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Re: [Linux-cluster] Spectator mount option
- From: Marc Grimme <grimme atix de>
- To: David Teigland <teigland redhat com>
- Cc: linux clustering <linux-cluster redhat com>
- Subject: Re: [Linux-cluster] Spectator mount option
- Date: Tue, 24 Jun 2008 21:54:48 +0200
Ok, got it?!
So my understanding is as follows.
Except from the spectator mount option not being adviceable for production use
the *features* are:
* the spectator node does not get a journal
* the spectator node cannot replay a journal and therefore cannot be involved
in fencing. Or the other way round it is not involved in fencing
* the spectator node must not have votes. I can but it mustn't.
* the spectator node is less involved in locking. It does not hold locks?!
Does it? Or does it only have read-locks? That is not clear to me. See below.
On spectator and locking:
Everything clear except from the locking topic. Why do you think the spectator
node is less involved in locking. Doesn't it have to request a readlock for
any file it wants to read. And as it cannot (if so?!) hold the lock itself it
has to ask for it. Isn't this from the network point of view more network
traffic then if it would "master/cache" the lock?
The only advantage would be that no or a less loaded gfs_scand would be
running?! I have to admit that this wouldn't be to bad.
If this is so (correct me if I'm wrong) for me only one usecase would be the
use of old less powerfull nodes that only need ro access to the fs.
As a drawback the symmetry of the cluster would go away and one would end with
type a and type b nodes. I not yet sure of if I like it or not or if it is a
very common usecase.
But isn't another usecase more likely. The readonly attempt. That means
readonly access to the filesystem and everything else (fencing, journal
replay and locking) would be running as before? But one could be sure that
the ro-nodes would only request ro-locks but would be holding themselves and
therefore could respond more quickly and perhaps some other tunings for
readonly access to the gfs.
Because normally the usecase for readonly access would be (wouldn't it) that
there are some nodes changing data (more or less frequently but only in few
cases continuously) and others reading/serving the data. Those readonly nodes
should be able to access the data very quickly and should respond to request
instantaneous and therefore should be more powerfull then the rw-nodes.
Could this usecase benefit from the spectator mount options? Or should this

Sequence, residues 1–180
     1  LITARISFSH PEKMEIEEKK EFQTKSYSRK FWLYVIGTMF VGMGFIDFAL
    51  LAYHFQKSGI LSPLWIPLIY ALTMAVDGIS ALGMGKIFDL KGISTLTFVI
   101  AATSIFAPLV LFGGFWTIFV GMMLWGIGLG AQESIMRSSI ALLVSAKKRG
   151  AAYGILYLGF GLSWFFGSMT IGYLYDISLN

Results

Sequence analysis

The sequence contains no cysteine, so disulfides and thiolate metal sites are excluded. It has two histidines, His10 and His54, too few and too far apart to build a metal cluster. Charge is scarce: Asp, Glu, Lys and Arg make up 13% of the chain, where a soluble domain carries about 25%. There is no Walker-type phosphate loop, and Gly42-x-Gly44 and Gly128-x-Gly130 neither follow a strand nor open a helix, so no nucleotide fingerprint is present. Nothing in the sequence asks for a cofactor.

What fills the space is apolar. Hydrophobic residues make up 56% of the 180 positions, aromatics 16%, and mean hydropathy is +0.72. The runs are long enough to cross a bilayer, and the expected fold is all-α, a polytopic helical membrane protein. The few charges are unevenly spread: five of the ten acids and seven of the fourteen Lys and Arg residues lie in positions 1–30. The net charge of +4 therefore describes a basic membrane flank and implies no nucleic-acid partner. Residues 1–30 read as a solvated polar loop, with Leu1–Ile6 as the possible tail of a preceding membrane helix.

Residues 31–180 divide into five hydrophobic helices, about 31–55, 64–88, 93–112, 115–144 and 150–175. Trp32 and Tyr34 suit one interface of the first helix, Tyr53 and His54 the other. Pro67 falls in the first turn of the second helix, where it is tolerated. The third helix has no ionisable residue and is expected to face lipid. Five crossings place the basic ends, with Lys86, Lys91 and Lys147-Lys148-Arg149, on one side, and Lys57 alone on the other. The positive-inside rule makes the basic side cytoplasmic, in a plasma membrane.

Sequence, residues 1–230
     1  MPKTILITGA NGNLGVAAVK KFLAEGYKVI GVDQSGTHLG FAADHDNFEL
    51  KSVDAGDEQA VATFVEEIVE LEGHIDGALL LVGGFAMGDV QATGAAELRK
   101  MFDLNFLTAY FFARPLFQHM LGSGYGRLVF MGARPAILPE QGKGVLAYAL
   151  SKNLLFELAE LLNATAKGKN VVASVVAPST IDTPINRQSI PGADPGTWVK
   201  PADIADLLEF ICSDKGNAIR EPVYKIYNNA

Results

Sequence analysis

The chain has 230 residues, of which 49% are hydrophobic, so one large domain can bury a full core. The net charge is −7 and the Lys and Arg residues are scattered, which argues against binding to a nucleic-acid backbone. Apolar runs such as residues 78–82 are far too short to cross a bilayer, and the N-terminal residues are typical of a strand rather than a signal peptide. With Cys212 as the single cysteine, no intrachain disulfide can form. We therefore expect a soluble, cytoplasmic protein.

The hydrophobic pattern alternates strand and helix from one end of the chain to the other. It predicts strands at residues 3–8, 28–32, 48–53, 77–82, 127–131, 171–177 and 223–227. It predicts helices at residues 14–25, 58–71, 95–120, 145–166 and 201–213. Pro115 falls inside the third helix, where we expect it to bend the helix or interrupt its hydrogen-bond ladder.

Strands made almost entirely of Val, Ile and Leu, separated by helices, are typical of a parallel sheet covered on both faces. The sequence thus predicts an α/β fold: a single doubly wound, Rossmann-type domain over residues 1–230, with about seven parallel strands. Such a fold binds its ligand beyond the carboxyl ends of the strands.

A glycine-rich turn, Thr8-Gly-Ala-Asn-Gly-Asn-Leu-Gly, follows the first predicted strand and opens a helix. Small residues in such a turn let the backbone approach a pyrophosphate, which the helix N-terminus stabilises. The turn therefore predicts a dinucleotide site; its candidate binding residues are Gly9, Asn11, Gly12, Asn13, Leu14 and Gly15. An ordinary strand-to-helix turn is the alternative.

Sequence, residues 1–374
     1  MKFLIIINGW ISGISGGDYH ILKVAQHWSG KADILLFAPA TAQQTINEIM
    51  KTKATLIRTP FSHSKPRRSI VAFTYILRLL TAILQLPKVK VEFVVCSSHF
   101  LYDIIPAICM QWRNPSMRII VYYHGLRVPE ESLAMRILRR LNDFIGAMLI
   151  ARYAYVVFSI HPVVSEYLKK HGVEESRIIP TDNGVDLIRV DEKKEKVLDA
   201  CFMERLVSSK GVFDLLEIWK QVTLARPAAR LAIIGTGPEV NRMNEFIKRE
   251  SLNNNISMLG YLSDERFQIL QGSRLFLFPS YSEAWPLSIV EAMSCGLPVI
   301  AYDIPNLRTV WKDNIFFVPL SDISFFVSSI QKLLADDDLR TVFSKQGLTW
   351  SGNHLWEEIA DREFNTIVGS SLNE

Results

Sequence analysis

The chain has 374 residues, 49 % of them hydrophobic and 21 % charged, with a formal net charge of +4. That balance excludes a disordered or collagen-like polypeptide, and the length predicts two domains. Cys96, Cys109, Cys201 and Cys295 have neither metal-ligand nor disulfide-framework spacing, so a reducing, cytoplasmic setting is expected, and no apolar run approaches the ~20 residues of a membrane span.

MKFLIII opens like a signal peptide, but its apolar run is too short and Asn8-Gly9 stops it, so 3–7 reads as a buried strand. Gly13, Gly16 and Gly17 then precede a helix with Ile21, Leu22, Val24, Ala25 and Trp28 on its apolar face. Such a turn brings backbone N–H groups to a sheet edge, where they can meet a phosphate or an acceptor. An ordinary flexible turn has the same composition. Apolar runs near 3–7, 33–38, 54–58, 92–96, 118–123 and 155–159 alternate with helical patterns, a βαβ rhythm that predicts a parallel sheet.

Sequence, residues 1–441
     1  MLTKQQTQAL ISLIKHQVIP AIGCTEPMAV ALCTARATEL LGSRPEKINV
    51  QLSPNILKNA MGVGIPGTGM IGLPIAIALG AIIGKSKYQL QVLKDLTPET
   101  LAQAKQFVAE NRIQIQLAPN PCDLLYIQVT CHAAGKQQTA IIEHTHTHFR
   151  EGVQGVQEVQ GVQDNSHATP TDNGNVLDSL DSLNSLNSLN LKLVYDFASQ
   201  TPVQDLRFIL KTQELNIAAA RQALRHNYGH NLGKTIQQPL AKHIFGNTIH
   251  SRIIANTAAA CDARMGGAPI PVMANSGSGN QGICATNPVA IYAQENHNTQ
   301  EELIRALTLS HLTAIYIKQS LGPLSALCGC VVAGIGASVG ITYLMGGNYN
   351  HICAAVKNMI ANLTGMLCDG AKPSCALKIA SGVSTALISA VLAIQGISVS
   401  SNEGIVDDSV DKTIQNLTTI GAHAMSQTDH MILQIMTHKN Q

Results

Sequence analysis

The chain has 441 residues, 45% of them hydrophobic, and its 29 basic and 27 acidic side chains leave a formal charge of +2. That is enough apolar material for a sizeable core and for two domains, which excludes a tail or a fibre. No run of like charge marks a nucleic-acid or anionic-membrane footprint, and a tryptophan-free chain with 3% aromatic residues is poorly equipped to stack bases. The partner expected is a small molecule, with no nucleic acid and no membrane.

usecase not be build with spectator mountoptions. Or wouldn't it be better to
reduce the demote_secs use glock_purging and if need be increase the size of
the hashtables and use rw as mountoption?
On Tuesday 24 June 2008 18:38:41 David Teigland wrote:
> On Tue, Jun 24, 2008 at 09:53:56AM +0200, Marc Grimme wrote:
> > Hello,
> > we are currently testing the specator mount option for giving nodes
> > readonly access to a gfs filesystem.
> > One thing we found out is that any node having mounted the filesystem
> > with spectator mount option cannot do recovery when a node in the cluster
> > fails. That means we need at least 2 rw-nodes. It's clear when I keep in
> > mind that the node has no rw-access to the journal and therefor cannot do
> > the journal replay. But it is not mentioned anywhere.
> > Could you please explain the ideas and other "unnormal" behaviors coming
> > along with the spectator mount-options.
> > And are there any advantages from it except the "having no journal"?
> It's not mentioned much because it's never crossed the grey line of being
> a promoted or "supportable" feature. Among the reasons are:
> - The use case(s) or benefits have never been clearly understood or stated.
> What exactly are the spectator features? (see below)
> When should you use the spectator features, and why?
> Are the benefits great enough to justify all the work/testing?
> - None of the spectator features have been tested. QE would need to
> develop tests for them, run them, and we'd need to fix the problems
> that fall out.
> "Spectator features" refers to more than the spectator mount option in
> gfs. There are three non-standard configuration modes that could be used
> together (although they can be used independently, too):
> 1. The spectator mount option in gfs. With this option, gfs will never
> write to the fs. It won't do journal recovery, and won't allow
> remount rw. The main benefit of this is that the node does not need
> to be fenced if it fails, so the node can mount without joining the
> fence domain.
> You point out some of the thorny problems with this option (along with
> the ro mount option). What happens when the last rw node fails,
> leaving only spectators who can't recover the journal, and other
> similar scenarios? gfs_controld has code to handle these cases,
> but it would require serious testing/validation.
> 2. Quorum votes in cman. It may make sense in some environments for a node
> to not contribute to quorum, either positively or negatively, of course.
> <clusternode name="foo" nodeid="1" votes="0"/>
> 3. Resource mastering in dlm. Nodes can be configured to never master
> any dlm resources, which means there's less disruption in the dlm when
> they join/leave the lockspace. See this bug for more details:
> We'd like to understand specific use cases people have where these things
> would provide real advantages. We need to be able to advise people when,
> why and how to use these settings, and we need to be able to test them as
> they'd be used.
Gruss / Regards,
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